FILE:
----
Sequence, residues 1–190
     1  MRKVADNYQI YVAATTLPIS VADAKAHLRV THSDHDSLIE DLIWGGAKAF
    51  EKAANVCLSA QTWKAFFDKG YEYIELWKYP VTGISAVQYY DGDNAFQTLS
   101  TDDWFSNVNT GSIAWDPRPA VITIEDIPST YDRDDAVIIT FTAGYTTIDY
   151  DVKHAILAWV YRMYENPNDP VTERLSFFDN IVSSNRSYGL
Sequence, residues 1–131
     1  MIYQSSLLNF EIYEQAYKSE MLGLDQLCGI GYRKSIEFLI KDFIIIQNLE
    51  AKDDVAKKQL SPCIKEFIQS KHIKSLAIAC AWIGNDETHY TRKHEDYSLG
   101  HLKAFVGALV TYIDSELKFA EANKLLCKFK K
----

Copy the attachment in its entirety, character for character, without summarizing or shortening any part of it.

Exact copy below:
Sequence, residues 1–190
     1  MRKVADNYQI YVAATTLPIS VADAKAHLRV THSDHDSLIE DLIWGGAKAF
    51  EKAANVCLSA QTWKAFFDKG YEYIELWKYP VTGISAVQYY DGDNAFQTLS
   101  TDDWFSNVNT GSIAWDPRPA VITIEDIPST YDRDDAVIIT FTAGYTTIDY
   151  DVKHAILAWV YRMYENPNDP VTERLSFFDN IVSSNRSYGL
Sequence, residues 1–131
     1  MIYQSSLLNF EIYEQAYKSE MLGLDQLCGI GYRKSIEFLI KDFIIIQNLE
    51  AKDDVAKKQL SPCIKEFIQS KHIKSLAIAC AWIGNDETHY TRKHEDYSLG
   101  HLKAFVGALV TYIDSELKFA EANKLLCKFK K